In the news today was the announcement that University of Delaware is going to do a study for the next four years. They are not requiring standardized tests starting next year.
The College Board tried to persuade them to change their minds when they made the announcement, why, because they know for every college and university that changes their testing policies, the College Board loses money. I say, good for UDel, be a leader with the state universities who lag behind in the idea about testing compared to their counterparts, the smaller liberal arts schools. I say, open your eyes to the changes and celebrate that we are finally seeing that our children are more than just a score on a test. They are human beings with strengths and weaknesses, with triumphs and tragedy. These young lives have lived through terrorism, mass shootings, and the social media explosion, through the pressure of drug addiction and working parents. They have a story, an amazing, celebratory story, which should not begin or end with a test score.
For those of you who are not aware, there will be a new version of the SAT coming out in March 2016. This redesigned SAT has many in the education world concerned for those students in the Class of 2017.
We are advising any of our students who are in that class to avoid taking the test for at least the first three times it is implemented. We know this is a hard thing to digest as you gear up for your junior year, but there are good reasons for this suggestion.
In order to get the best scores you can get on standardized testing, you must be prepared.
This can mean studying for either the SAT or ACT for months prior to the implementation of the test. This should also, with certainty, include mock timed testing of said tests as well. These mock, timed tests are key in letting students know where they are weak and where they may be able to speed along. After each test, students learn by correcting mistakes and looking for patterns that could be helpful with the final test. By analyzing the results, students see where they need to focus their studying.
Due to the implementation of the new SAT in 2016, there are no published study materials for our students, not even from College Board itself. Not only are there no study materials, there are also no mock test samples from previous years as the test is brand new. Without study materials and sample tests, students will be going into the first few tests blind.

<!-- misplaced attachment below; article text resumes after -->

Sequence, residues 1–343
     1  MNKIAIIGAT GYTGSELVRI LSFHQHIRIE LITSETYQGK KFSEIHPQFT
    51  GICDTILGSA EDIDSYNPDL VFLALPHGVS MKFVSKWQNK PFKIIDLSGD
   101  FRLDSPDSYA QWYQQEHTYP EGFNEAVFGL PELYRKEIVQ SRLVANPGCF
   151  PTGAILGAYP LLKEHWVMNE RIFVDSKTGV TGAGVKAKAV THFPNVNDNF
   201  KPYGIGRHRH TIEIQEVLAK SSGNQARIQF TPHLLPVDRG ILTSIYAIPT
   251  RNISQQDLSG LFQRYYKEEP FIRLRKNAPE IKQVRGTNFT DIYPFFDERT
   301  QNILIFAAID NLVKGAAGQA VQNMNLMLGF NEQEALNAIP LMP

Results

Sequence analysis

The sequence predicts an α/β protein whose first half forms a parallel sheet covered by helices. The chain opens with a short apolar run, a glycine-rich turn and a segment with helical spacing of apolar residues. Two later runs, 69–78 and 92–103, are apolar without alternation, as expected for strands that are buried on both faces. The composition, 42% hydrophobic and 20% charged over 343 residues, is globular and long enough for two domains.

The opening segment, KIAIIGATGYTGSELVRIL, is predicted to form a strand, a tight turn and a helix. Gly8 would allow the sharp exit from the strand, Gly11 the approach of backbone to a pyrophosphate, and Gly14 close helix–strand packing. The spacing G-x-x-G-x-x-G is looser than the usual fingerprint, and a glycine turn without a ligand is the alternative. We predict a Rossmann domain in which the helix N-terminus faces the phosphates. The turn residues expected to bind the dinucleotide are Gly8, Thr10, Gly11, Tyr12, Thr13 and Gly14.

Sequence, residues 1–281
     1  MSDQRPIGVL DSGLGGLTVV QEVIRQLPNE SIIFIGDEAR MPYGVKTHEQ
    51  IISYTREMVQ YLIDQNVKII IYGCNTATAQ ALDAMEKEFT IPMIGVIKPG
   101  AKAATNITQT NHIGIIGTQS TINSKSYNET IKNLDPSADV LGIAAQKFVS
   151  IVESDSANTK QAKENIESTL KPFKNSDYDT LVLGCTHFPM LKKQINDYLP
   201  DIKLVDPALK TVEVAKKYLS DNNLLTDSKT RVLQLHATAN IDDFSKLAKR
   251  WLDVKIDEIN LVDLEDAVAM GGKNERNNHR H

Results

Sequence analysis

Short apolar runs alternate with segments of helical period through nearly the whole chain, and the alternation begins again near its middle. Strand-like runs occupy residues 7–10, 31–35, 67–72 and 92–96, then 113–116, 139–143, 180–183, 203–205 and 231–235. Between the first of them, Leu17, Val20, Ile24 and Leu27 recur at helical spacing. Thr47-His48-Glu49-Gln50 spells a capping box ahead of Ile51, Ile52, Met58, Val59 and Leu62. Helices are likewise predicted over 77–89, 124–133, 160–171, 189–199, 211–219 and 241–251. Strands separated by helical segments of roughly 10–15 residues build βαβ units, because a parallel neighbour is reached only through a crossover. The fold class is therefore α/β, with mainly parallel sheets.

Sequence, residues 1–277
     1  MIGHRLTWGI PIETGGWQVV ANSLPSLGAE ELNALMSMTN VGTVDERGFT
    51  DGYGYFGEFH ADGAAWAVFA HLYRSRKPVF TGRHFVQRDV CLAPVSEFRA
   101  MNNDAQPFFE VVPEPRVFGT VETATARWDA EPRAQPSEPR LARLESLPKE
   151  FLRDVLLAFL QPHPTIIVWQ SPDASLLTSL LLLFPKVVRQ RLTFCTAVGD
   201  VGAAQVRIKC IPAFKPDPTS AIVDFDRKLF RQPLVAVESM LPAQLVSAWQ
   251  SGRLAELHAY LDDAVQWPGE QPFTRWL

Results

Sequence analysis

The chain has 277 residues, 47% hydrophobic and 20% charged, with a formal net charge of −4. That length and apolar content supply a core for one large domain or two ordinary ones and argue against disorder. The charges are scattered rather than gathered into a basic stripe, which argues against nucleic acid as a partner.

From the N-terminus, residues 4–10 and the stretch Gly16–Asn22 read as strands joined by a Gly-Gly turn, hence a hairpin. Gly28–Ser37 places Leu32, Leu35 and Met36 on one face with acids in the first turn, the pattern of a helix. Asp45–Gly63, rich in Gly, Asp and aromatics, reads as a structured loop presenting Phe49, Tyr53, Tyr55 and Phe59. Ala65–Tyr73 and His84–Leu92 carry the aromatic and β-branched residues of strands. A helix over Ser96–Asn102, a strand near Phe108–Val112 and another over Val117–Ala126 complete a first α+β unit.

The SAT and College Board are wanting you to believe that they are making the changes to this test for “students' success”, but what they don’t tell you is that their market share has been dropping as their competitor, the ACT, has been gaining popularity. Many in the education world are led to believe that the changes have less to do with student success and more with marketing strategies.
The question is, do you want your student to be the guinea pig while the College Board figures a way to gain back its control of the testing world?
Not only will the students not have any study materials, there is also another concern with this new test. With any new roll out, there are bound to be glitches the first few times this test is taken. NO student should have to be a part of that…again. After all, it was just last spring 2015 when thousands of students were affected by a mistake in the test booklets that meant that two parts of the SAT test were not counted. Even though hundreds of students reported scores lower than the first time they took it, the College Board stuck to their belief that by taking out the two sections, scores would not be affected. I think there are many high school students, applying to college right now, who would disagree with that.
There are options for those students who don’t want to be a part of this initial roll-out.
If you feel ready and have studied, there are options to take the SAT this fall and into the winter. There is testing still available in October, November, December of 2015 and January 2016 for the old version of the SAT. Another option is, if possible, wait until two or three tests in the spring are completed and see what the outcome is. A third possibility is to take the ACT. This test has grown in popularity and is now recognized at all colleges and universities in the nation, equally as recognized as the SAT. The one major difference between the ACT is that it’a direct measurement of scholastic achievement and included four sections (reading, language, math, and science) and a writing option as well. Whereas, the SAT is more geared towards aptitude and innate intelligence and the new version will have a reading, language and math component with an option for a writing essay (no longer required).
Whatever you decide, know that there are options out there for your junior. Be informed and educated on this subject so that your child is not part of another SAT debacle.